A study of the eternal debate: why do bad things happen to good people?

By Mark Larrimore

The Book Of Job: A Biography

By Mark Larrimore

Princeton University’s excellent series on the lives—meaning the changing interpretations—of great religious books continues with this study of the knottiest of all Biblical texts, a key work in Western culture’s eternal debate over why bad things happen to good people. (Our relative lack of interest in why good things happen to bad people is a whole other topic.) Larrimore, director of the religious studies program at Eugene Lang College in New York City, is subtle and superbly thorough as he navigates his way not just through Jewish, Christian and secular readings but also the uncertainties about the text and the misconceptions that have grown up around it.

The Book of Job is a theological argument in poetry sandwiched between an opening and ending written in prose. It is full of words found nowhere else, and passages of such obscurity that whether or not they have been preserved in the right order is hotly disputed among scholars. Job tells the story of a righteous man, who may or may not be an Israelite, but who is blessed by God in wealth and children. And then God—because of what amounts to a bet with Satan over his servant’s fidelity—kills Job’s seven sons and three daughters, destroys his flocks, and allows Satan to cover Job with painful, disfiguring boils.

Anyone who reads the Book of Job can only marvel at the long-standing proverbial phrase “the patience of Job,” describing a saint-like soul who puts up with travails—at the hands of family, friends, God or circumstances—without complaint. That is emphatically not the man in the Bible, who curses the day he was born and demands answers. So what is the origin of the phrase, first found in the New Testament’s Epistle of James?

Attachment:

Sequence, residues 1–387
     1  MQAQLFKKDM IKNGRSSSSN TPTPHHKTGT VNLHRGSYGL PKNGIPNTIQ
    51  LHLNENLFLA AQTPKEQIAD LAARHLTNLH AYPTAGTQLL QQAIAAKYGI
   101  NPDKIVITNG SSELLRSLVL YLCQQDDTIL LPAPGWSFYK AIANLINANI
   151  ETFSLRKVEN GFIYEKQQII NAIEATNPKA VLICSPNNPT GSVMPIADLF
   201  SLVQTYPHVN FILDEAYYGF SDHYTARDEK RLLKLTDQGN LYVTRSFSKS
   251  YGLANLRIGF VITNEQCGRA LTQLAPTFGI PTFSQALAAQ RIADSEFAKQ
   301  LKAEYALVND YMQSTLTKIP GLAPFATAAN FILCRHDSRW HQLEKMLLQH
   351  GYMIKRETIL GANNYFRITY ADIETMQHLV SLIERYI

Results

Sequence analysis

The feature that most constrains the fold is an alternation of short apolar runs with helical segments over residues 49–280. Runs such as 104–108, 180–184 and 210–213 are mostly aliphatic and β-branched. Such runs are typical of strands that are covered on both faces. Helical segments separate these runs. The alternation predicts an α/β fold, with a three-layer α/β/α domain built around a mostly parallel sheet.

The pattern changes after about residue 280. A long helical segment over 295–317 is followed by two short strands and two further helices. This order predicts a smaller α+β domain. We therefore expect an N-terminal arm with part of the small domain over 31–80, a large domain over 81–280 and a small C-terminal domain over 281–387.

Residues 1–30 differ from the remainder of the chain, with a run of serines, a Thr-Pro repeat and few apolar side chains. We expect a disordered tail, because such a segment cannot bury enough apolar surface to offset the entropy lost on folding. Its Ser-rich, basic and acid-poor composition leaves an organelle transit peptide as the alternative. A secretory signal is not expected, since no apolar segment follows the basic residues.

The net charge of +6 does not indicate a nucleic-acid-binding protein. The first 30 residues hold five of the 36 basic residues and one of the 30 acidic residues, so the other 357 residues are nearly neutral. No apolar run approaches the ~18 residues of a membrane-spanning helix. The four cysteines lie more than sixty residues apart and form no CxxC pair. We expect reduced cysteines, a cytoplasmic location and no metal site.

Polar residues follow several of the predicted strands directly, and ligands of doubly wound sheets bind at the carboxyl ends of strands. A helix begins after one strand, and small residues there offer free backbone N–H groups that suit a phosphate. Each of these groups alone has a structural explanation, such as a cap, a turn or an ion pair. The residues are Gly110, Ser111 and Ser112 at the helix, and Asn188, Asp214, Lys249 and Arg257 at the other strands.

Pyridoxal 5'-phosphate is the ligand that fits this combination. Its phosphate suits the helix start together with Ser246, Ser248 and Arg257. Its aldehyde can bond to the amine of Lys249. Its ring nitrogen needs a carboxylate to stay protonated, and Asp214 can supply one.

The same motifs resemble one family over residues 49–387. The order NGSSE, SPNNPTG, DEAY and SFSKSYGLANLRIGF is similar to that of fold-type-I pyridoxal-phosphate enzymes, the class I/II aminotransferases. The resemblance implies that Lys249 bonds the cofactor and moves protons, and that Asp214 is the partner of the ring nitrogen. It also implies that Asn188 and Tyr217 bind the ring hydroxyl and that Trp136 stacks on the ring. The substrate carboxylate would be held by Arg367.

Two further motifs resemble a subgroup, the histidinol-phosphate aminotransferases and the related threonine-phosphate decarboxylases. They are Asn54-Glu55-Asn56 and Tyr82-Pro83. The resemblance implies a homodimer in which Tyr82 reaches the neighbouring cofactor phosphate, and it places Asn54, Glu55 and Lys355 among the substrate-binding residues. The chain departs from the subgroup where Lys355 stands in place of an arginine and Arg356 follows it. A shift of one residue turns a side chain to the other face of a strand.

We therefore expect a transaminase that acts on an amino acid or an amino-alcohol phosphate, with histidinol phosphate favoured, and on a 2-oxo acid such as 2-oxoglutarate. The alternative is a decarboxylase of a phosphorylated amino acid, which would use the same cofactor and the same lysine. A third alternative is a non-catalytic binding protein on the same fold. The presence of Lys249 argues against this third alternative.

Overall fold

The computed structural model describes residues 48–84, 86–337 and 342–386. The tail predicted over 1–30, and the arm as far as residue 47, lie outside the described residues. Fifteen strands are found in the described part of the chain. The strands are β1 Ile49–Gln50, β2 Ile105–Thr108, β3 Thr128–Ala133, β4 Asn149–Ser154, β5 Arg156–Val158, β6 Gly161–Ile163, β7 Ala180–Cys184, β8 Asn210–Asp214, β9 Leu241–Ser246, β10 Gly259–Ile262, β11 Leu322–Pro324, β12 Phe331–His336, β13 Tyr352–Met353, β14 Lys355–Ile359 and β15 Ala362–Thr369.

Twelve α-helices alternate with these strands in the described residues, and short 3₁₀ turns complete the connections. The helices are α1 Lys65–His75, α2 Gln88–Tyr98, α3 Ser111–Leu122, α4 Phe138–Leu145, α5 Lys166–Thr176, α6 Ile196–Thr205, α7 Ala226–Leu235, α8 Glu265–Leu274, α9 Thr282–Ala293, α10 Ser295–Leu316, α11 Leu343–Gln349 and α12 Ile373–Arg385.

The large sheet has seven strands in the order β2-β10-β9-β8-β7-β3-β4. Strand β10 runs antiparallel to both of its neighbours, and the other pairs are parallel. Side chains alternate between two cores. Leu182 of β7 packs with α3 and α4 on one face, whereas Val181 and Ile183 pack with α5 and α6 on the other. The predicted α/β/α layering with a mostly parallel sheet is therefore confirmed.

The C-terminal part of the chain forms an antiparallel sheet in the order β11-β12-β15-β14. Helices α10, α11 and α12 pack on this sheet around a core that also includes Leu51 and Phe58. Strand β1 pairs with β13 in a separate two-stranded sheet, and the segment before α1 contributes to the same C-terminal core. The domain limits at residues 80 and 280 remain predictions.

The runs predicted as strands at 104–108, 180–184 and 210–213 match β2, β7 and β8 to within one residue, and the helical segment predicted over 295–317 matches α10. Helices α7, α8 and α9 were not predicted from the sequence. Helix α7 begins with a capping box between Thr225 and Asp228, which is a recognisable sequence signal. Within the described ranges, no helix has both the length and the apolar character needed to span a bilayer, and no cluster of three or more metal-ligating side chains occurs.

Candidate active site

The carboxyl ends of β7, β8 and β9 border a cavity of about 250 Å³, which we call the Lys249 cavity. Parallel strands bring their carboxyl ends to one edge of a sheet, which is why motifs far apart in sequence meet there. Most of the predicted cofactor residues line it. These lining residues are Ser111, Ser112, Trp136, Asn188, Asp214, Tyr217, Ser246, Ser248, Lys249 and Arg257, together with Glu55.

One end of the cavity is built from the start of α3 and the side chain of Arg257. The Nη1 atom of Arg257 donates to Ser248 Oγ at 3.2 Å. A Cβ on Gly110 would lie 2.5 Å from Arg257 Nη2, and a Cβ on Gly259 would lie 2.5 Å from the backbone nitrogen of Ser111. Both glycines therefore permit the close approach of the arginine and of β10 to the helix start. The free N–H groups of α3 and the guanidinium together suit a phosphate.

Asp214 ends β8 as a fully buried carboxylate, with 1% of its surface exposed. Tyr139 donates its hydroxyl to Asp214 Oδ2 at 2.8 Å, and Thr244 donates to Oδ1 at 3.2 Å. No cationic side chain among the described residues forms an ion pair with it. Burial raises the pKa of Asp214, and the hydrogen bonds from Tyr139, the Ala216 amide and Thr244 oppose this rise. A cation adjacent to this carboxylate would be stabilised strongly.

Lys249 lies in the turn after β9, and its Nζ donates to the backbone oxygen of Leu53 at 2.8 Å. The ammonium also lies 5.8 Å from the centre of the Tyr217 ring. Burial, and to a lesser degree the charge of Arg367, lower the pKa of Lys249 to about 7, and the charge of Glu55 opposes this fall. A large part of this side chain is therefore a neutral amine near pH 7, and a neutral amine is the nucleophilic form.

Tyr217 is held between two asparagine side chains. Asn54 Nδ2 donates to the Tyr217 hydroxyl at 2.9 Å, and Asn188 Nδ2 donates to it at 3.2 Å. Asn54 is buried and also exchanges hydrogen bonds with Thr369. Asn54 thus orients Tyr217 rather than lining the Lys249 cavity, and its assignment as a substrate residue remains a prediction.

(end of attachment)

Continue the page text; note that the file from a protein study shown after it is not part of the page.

Job’s undeserved sorrows have always troubled readers, and long ago prompted the creation of the Testament of Job (known mostly through versions in the Dead Sea Scrolls), which explains and justifies all. In it, Job’s trials—all 48 years of them—are the work of Satan, not God, and Job is sustained by God’s promise that if he just endures, all will be well. In the Bible, Job never learns why he is stricken, he is not bolstered by any promise of eventual relief and when God finally speaks from the whirlwind he stresses his power and majesty, and Job’s pathetically limited human understanding; he does not answer Job’s question, “Why?” (In both versions, as Larrimore points out, Job’s wife suffers more than he does—the children who die are hers, too, but the new ones, those given to Job as reward, are not.)

Religious and secular readers have struggled alike with the text as it has come down to them. As Larrimore shows, medieval Christians, far from chastising Job for railing against his fate, used him in burial rites, where his anguish—“My soul is weary of my life . . . I will speak in the bitterness of my soul”—functions as an everyman’s voice. Catholic apologist G.K. Chesterton thought even God was tempted to atheism by the Book of Job. Like God himself, it offers no definitive answer to the problem of evil.

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